In this section:
DB2 ensures transaction integrity by locking data source rows when they are read. The behavior of a lock depends on the isolation level of a transaction. The techniques suggested here for WebFOCUS Maintain applications all use an isolation level of repeatable read. Repeatable read involves a trade-off: it ensures absolute transaction integrity, but it can prevent other users from accessing a row for long periods of time, creating performance bottlenecks.
Under repeatable read, a row is locked when it is retrieved from the data source, and is released when the transaction that retrieved the row is either committed to the data source or rolled back. A Maintain DB2 transaction is committed or rolled back each time a WebFOCUS Maintain application issues a COMMIT or ROLLBACK command. You explicitly code COMMIT and ROLLBACK commands in your WebFOCUS Maintain application. In some circumstances the application may also issue these commands implicitly, as described in Designing Transactions That Span Procedures, and in When an Application Ends With an Open Transaction.
We recommend two strategies for writing transactions to DB2 data sources:
While these strategies are described for use with DB2 data sources, you can also apply them to transactions against other kinds of data sources, changing DBMS-specific details when necessary.
If you are familiar with using the DB2 Data Adapter with Information Builders products other than WebFOCUS Maintain, note that WebFOCUS Maintain works with DB2 a bit differently:
You can use the transaction locking strategy to manage DB2 row locks in WebFOCUS Maintain applications. While this strategy is described for use with DB2 data sources, you can also apply it to transactions against other kinds of data sources, changing DBMS-specific details when necessary. When using transaction locking, your application locks each row with an isolation level of repeatable read for the duration of the transaction, from the time it retrieves the row, until the time it commits or rolls back the transaction.
The following illustration shows the duration of connections, threads, and logical transactions (also known as logical units of work) when you use this strategy:
If your applications are small in scope, comprising only a single procedure, the duration of connections, threads, and logical transactions would look like this:
Compared to change verification, transaction locking is simpler to code, but keeps rows locked for a longer period of time. This may cause other users to experience time outs, in which case DB2 will return a -911 or -904 SQL code. You can mitigate the effect of row locking by:
To implement the transaction locking strategy for managing DB2 row locks in WebFOCUS Maintain applications, bind the DB2 Data Adapter plan with an isolation level of repeatable read. The isolation level is a DB2 Data Adapter installation BIND PLAN parameter. In your WebFOCUS Maintain application:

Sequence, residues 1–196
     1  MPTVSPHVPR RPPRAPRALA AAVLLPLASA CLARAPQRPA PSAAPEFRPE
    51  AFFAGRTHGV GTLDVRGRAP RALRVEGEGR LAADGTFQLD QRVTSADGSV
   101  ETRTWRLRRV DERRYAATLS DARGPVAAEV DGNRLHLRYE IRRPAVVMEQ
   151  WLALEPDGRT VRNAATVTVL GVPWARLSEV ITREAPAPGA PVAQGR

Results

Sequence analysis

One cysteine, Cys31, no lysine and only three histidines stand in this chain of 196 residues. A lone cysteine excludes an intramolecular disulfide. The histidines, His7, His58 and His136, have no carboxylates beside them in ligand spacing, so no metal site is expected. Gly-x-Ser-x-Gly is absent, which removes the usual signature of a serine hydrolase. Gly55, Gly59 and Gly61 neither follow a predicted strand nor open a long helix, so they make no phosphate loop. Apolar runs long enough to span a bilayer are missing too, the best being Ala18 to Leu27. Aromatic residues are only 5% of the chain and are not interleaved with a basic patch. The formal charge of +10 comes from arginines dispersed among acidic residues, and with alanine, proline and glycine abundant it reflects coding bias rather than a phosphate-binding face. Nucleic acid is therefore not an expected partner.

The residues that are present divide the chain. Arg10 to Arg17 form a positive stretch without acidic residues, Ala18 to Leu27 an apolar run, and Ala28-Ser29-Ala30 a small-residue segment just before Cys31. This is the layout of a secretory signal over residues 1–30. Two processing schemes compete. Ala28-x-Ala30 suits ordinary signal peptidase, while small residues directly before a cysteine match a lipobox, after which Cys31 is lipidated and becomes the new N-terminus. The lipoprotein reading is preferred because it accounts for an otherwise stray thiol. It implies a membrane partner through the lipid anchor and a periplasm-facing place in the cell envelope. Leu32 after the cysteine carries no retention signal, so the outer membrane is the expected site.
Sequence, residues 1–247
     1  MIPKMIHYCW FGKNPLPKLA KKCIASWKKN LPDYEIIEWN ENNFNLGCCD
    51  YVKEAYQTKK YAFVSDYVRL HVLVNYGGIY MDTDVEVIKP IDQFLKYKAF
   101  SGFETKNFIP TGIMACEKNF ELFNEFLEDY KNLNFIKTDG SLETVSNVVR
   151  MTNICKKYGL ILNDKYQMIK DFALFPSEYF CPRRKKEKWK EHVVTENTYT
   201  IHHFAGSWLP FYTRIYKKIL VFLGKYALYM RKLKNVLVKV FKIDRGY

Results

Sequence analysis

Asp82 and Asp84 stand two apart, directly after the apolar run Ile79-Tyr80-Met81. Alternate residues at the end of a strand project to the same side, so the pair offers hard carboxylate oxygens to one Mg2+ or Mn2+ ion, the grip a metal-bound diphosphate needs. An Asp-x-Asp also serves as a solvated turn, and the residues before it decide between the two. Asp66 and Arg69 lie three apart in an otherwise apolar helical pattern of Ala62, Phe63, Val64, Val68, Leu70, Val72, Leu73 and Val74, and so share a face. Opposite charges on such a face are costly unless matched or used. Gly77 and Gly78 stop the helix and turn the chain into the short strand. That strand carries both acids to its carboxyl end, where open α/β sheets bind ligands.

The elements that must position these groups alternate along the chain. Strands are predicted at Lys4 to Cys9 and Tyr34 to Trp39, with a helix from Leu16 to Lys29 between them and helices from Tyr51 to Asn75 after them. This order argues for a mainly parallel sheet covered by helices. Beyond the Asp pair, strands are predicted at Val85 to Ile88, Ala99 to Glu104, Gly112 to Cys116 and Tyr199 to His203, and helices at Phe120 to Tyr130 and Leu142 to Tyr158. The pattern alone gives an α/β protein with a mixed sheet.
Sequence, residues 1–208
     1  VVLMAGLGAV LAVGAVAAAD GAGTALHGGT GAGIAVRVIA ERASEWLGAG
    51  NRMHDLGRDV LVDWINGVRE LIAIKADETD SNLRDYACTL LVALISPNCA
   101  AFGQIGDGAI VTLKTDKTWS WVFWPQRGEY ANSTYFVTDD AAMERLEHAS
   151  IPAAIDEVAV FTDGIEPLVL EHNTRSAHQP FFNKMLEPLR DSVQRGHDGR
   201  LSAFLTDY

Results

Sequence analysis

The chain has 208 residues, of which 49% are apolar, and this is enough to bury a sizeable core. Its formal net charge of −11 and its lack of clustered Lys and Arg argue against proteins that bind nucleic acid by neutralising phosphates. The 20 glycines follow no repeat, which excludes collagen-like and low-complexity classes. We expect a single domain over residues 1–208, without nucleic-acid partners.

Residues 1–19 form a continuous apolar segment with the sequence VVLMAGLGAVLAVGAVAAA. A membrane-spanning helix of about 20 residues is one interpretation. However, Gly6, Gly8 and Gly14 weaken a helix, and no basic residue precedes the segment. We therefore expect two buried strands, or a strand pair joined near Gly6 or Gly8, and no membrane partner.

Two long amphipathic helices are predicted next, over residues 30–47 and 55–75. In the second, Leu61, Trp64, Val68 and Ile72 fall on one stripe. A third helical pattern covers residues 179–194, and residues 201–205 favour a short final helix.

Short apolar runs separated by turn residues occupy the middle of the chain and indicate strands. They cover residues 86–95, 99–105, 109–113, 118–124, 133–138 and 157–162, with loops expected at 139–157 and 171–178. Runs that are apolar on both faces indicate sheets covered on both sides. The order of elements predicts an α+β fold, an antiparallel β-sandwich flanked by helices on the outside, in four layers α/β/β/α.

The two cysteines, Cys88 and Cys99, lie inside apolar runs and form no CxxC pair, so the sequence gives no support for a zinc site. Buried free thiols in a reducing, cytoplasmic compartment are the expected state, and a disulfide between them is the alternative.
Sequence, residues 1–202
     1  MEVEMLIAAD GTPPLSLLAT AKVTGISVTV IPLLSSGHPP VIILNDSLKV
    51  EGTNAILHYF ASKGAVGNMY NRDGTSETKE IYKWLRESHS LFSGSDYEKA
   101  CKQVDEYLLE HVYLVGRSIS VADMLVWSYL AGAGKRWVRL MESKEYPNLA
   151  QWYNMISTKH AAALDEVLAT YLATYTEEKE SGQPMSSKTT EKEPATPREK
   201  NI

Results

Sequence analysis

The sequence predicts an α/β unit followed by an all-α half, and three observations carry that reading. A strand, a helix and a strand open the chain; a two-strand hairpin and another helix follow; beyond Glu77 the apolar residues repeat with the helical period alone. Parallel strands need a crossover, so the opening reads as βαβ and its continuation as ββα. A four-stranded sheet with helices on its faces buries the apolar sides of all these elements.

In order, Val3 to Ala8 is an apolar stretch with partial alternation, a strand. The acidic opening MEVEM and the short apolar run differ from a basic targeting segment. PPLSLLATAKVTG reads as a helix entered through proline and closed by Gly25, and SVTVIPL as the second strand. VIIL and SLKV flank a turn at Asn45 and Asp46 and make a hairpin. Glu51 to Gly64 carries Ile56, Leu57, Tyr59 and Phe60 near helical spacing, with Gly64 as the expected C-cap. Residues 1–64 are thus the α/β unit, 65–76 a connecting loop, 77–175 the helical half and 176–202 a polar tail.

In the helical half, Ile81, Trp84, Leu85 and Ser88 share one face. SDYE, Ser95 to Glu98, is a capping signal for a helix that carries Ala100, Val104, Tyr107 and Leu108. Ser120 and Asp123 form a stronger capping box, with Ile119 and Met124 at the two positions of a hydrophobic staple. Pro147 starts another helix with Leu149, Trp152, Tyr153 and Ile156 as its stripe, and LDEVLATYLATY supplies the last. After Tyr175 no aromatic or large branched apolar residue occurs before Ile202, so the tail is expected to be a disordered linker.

Caution: If any called procedure within the scope of a transaction returns control without GOTO END KEEP, Maintain issues an implied COMMIT command, releasing all row locks and making the application vulnerable to updates by other users. Be sure to return control using GOTO END KEEP; otherwise, code each transaction within a single procedure, so that the scope of each transaction does not extend beyond one procedure, or use the change verification strategy described in Using Change Verification to Manage DB2 Row Locks.
You can use the change verification strategy to manage DB2 row locks in WebFOCUS Maintain applications. While this strategy is described for use with DB2 data sources, you can also apply it to transactions against other kinds of data sources by changing DBMS-specific details when necessary.
When using change verification, your application retrieves all needed rows into a stack, locking them in the process; releases the locks after retrieval; and then performs all updates against the stack (not against the data source). This enables you to work with the data in the stack as long as necessary without preventing other users from accessing the data source. When you are ready to close the transaction, retrieve the original rows from the data source again, relocking them in the process. Then, compare their current values in the data source to their original values when you first retrieved them, and write the transaction to the data source if the values are the same, that is, if the rows have not been changed by other users in the interim.
Change verification enables the maximum number of users to access the same data concurrently, and makes it possible to write the maximum number of transactions in the shortest time. It is able to do this because it is an optimistic locking protocol, that is, it is optimized for the most common situation, in which at any moment, at most one user will attempt to update a given row. Compared to transaction locking, this is more complex to code, but locks rows for less time, increasing data availability.
The following illustration shows the duration of connections, threads, and logical transactions when you use this strategy for DB2 data sources:
To implement the change verification strategy for managing DB2 row locks in WebFOCUS Maintain applications, bind the DB2 Data Adapter plan with an isolation level of repeatable read. The isolation level is a DB2 Data Adapter installation BIND PLAN parameter. In your WebFOCUS Maintain application:
The COMMIT or ROLLBACK command releases all row locks.